The United States and its only meaningful ally in the coalition, United Kingdom are both desperate to find a graceful way out of Iraq. However, there does not appear to be a solution to the present mess which is truly disastrous.
According to Clausewitz there are two kinds of courage; bravery in the face of mortal danger and, pertinent to this discourse, a willingness to make and be responsible for command decisions. If the fighting men are expected to display courage of the former kind, the planners must necessarily display courage of the latter sort. The prewar dream of an Iraq friendly to the United States may still be realized. The civil war that is raging in Iraq may yet be brought to an end. An open ended counter insurgency operation may still be successfully concluded.
All conventional solutions have failed in Iraq and there appears to be no visible way out of the quagmire. The recent surge is perhaps just something that has to be done to show that something is being done. It just delays the inevitable at the expense of more dead Americans and Iraqis. No one truly believes that an additional twenty thousand odd troops are going to fix the problem of Iraq.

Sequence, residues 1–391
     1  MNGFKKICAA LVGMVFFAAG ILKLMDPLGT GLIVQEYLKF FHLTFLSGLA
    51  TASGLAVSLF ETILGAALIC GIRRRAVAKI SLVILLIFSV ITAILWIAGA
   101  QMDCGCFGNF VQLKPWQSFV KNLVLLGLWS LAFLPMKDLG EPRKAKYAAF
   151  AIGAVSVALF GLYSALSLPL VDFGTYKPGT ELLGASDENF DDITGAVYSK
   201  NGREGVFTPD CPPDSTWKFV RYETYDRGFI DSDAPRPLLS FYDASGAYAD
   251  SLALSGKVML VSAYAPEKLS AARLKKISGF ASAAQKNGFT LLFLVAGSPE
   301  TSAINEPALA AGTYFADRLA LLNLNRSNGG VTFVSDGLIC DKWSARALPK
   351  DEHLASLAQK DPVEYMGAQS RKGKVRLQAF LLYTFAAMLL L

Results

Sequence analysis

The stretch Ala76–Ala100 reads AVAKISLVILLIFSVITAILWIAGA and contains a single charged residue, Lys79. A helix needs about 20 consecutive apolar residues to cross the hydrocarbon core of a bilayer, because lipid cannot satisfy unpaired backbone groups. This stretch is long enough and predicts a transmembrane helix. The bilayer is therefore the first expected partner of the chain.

This stated, every problem has a solution; one just has to look for it in the right place in the right manner. When an unprecedented situation emerges and no precedents exist, one must seek novel solutions. One must then think laterally and search for answers in the most unlikely of places. This is easier said than done. Fixated minds, blinkered vision, stereotype thought processes need to be replaced with approaches that are obscure, original and, inevitably, revolutionary.
There is a solution to the mess that is Iraq; there has to be. The problem is that the solutions are being sought within those very organizations and mindsets that have are in fact the very cause of the problem. This intellectual inbreeding can at best beget a ‘mongoloid’ solution; distorted, crippled and ineffective. It is absolutely necessary that America starts thinking outside the box and seeking solutions from sources other than the accepted ones. Only then would it be possible to arrive at a novel solution for a novel problem.